Denise said she got the idea after a start-of-the-year gathering for Catholic educators in the Catholic Diocese of Evansville. One year, the gathering was held at Memorial High School, and students who were dressed in dress clothes greeted the educators as they filed into the Mass with the bishop. The students impressed Denise with their manners and composure.

“I just thought, ‘Wow, what a school,’” she recalled.

Later, she inquired about the students and found out about the school’s student ambassador program. She decided she had to create a similar program for Holy Trinity. Now, she’s looking for more ways to use that program to help the third-graders transition into East Campus.

Denise herself plays a role in helping the third-graders make the transition. As the computer science teacher, she teaches third- through eighth-graders in some capacity, and she always tells them the same thing on the first day of class, no matter if they’re third-graders meeting her for the first time or eighth-graders who know her well.

“I always say once they come into my classroom, they’re my kids,” she said “I just love each and every one of them, and I have a heart for them.”

The love for her students makes the eighth grade graduation at the end of the year bittersweet for Denise. She always cries during the ceremony, she said, because even though she’s happy for them and proud of them, she’s going to miss them. It’s a thought that brings tears to her eyes even on a sunny August afternoon when she’s talking to a reporter.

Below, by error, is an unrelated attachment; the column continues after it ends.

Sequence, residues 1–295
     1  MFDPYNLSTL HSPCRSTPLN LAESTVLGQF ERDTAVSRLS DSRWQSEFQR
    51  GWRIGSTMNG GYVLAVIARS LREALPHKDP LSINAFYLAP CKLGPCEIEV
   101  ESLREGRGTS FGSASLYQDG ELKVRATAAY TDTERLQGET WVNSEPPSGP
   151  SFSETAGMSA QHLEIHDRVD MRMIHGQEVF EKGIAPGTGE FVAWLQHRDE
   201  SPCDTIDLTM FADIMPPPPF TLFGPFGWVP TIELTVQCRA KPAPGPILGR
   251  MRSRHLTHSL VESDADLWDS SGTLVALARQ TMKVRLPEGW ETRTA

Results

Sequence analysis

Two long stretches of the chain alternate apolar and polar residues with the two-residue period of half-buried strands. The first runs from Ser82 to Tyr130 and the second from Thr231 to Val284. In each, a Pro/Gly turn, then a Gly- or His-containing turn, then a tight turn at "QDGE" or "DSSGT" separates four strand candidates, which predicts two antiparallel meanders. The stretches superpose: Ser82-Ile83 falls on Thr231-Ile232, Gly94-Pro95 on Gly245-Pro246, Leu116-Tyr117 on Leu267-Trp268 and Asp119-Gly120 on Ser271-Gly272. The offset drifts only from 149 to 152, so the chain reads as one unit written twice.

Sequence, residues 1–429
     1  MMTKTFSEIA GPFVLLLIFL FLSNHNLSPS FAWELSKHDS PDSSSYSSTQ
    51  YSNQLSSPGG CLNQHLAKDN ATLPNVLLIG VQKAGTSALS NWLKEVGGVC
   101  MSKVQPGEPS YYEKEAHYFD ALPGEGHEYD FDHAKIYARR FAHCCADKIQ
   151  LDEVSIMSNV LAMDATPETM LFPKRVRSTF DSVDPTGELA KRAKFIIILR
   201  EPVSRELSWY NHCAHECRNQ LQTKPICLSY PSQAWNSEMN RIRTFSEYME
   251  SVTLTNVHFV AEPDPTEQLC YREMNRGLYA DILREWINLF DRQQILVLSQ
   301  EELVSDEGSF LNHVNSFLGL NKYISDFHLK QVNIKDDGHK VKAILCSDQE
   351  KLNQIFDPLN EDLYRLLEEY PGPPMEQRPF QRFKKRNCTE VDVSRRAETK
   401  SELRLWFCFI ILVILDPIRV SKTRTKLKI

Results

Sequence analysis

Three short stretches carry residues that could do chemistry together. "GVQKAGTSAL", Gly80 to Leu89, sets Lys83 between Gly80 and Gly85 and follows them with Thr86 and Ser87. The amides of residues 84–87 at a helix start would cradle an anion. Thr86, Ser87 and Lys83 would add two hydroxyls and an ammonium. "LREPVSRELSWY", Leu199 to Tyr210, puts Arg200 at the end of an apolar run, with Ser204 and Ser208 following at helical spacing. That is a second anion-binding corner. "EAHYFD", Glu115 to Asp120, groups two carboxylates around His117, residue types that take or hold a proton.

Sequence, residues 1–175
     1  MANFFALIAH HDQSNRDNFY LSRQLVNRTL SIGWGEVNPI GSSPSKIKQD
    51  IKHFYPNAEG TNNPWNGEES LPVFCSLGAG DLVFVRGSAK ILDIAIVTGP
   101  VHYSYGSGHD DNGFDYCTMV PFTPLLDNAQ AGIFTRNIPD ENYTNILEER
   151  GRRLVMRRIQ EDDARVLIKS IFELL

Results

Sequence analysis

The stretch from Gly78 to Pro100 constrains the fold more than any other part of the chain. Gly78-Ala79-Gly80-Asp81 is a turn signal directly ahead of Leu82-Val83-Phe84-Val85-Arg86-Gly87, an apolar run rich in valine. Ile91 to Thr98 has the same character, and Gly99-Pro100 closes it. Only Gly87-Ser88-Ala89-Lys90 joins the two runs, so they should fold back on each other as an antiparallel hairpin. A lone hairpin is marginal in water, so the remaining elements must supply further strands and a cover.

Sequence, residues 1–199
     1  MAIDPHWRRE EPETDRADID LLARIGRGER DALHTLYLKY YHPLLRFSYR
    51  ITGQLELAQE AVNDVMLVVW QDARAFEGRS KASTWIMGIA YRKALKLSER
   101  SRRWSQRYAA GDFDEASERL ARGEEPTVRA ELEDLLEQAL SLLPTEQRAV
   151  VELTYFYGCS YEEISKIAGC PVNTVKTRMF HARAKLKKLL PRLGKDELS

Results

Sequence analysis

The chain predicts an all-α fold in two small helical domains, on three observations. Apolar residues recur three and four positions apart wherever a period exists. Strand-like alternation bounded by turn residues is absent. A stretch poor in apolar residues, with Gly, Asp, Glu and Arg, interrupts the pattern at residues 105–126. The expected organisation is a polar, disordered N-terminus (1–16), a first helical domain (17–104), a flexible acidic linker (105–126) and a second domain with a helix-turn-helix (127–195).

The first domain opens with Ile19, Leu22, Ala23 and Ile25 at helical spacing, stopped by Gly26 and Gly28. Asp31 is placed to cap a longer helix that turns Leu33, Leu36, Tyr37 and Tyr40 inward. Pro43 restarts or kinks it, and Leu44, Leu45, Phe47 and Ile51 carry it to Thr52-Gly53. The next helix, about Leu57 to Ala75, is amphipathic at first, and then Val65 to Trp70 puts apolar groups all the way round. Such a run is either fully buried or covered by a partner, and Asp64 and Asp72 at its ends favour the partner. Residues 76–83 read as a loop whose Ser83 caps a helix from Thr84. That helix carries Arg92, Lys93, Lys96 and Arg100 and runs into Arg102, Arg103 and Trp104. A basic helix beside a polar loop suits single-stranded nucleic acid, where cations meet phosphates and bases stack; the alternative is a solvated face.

They may graduate from her classes, but they never graduate from being “her kids,” and she’s been teaching long enough now that she and Dean have a hard time going out without her pointing someone out and telling him, “That’s one of my kids.”

The relationships she forms with her students and their families are a large part of what makes teaching so special, Denise said, adding that she feels very blessed to be part of the Holy Trinity Saints family.

That feeling of blessing hit her last week in the campuswide Mass. She was going up to the altar to serve communion, singing the “Our Father,” when she noticed the sound of the students singing along with her. It gave her goosebumps.

“It was just like, ‘Lord, thank you. Thank you. I’m here,’” she recalled.

After 35 years in teaching — 2019-20 will be her 36th — Denise has started getting the retirement question. But she shrugs it off, confident that she still has many years of teaching left in her. Sure, she may be nearing retirement age, but she’s nowhere near ready to leave the classroom or the students.

If she did, she said, she’d miss them too much.

This story is part of Featured Teachers, a monthly series that highlights educators in our community. To suggest an educator to be featured, email Education Reporter Leann Burke at lburke@dcherald.com.